ASME-Landmark:Detroit Edison District Heating System


In 1877, Birdsill Holly at Lockport, New York, introduced district heating, showing how a single large steam plant could operate at higher overall thermal efficiency than a series of small isolated boilers, especially in the commercial districts of cities.

In 1903 officials of the newly formed Detroit Edison Company in Michigan, made the decision to establish the wholly-owned Edison Illuminating Company's Willis Avenue generating station as a district heating source. The exhaust from its steam engines would be used to heat buildings in the neighborhood, to improve thermal efficiency.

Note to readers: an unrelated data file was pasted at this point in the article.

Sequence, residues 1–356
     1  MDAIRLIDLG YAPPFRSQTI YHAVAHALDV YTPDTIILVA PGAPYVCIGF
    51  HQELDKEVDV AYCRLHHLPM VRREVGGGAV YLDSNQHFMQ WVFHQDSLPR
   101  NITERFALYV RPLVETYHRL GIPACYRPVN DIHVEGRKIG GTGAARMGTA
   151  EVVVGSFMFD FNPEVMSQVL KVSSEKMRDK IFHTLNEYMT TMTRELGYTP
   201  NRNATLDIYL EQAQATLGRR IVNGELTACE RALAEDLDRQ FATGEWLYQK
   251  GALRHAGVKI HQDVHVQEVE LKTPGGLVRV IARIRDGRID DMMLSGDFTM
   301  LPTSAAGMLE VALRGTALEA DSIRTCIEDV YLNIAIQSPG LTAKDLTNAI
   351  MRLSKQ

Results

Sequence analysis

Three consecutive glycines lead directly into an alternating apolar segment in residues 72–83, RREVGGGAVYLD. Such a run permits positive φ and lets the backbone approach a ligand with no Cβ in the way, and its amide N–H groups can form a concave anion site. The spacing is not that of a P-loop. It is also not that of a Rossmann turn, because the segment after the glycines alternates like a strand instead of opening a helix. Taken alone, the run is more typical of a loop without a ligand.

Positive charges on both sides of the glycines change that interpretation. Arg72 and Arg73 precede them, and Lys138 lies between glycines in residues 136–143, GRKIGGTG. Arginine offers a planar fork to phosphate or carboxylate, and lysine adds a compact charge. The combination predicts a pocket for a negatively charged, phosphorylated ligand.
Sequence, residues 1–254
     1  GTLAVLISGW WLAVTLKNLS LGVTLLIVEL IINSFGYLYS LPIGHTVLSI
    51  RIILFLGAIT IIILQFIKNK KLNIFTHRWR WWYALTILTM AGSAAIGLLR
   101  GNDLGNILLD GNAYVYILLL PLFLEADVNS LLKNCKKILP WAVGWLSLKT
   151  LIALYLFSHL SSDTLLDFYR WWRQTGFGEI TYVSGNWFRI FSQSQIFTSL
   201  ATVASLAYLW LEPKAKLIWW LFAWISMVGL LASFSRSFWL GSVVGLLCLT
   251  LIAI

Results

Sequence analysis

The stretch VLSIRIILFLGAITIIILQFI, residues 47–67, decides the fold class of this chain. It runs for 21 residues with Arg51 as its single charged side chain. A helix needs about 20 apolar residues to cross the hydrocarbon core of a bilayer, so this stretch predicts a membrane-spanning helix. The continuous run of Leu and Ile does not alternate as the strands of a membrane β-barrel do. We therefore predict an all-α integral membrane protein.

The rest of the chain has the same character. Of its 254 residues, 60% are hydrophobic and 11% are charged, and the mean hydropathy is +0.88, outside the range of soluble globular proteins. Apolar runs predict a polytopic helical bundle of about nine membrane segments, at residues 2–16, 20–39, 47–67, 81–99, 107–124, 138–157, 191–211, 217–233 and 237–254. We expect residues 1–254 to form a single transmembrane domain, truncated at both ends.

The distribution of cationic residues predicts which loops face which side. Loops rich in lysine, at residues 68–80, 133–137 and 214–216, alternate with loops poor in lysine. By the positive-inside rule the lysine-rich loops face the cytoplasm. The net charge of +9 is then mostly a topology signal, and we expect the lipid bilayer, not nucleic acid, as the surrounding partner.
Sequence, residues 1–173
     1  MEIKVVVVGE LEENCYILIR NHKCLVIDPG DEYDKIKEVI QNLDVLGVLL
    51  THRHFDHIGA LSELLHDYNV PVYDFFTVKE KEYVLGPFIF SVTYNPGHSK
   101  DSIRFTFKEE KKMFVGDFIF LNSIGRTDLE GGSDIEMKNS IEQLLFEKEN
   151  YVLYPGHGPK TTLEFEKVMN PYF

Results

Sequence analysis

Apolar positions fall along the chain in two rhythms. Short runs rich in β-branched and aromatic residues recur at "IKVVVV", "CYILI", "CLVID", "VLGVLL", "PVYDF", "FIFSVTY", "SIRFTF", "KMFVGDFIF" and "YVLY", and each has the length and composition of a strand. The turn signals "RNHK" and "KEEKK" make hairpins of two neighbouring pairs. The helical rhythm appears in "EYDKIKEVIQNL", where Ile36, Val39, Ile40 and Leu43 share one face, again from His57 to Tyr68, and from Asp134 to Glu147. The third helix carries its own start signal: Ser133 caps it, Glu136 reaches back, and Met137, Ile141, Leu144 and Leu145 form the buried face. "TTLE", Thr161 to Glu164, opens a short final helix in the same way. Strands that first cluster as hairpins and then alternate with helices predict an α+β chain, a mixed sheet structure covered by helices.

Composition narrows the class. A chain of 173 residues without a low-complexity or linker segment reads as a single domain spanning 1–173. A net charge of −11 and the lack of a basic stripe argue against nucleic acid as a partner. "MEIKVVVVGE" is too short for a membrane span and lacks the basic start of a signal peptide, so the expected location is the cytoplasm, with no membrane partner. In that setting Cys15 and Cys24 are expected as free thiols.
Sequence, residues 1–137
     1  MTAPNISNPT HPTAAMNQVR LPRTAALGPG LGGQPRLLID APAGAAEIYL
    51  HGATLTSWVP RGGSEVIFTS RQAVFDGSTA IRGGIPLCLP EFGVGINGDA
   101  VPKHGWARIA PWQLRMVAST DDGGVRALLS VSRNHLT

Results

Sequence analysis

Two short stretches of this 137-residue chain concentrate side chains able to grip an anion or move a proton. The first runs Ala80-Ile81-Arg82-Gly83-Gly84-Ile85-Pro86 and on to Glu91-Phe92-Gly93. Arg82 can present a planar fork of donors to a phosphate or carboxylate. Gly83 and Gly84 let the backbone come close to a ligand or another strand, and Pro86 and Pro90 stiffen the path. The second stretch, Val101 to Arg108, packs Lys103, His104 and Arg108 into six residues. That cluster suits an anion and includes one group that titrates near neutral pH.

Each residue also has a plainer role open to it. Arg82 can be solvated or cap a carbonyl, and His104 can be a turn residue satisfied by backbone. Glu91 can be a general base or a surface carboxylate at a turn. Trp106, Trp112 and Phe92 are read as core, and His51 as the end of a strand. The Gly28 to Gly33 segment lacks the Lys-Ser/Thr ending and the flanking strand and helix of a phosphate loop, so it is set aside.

With 3000 feet of mains and 12 customers, the company began operation on December 10, 1903. During the next year expansion began. That summer, 9,865 feet of mains were added, and the company began increasing its heating system by building the Farmer Street plant, which operated until 1926. It was replaced by an electrical substation and its capacity transferred to newer heating plants. The Farmer Street Plant was followed by a plant at Park Place in 1912 (which operated only until 1927), the Congress Street plant at 1917, and the Beacon Street Plant in 1926.

Prior to 1972, all boilers in the Central Heating System were coal-fired, with underfed-type stokers. But as more stringent, state-mandated pollution-control standards were implemented, a decision was made to convert the Beacon Street boilers to natural gas as the primary fuel, and No. 2 fuel oil for back-up. See ASME website for more information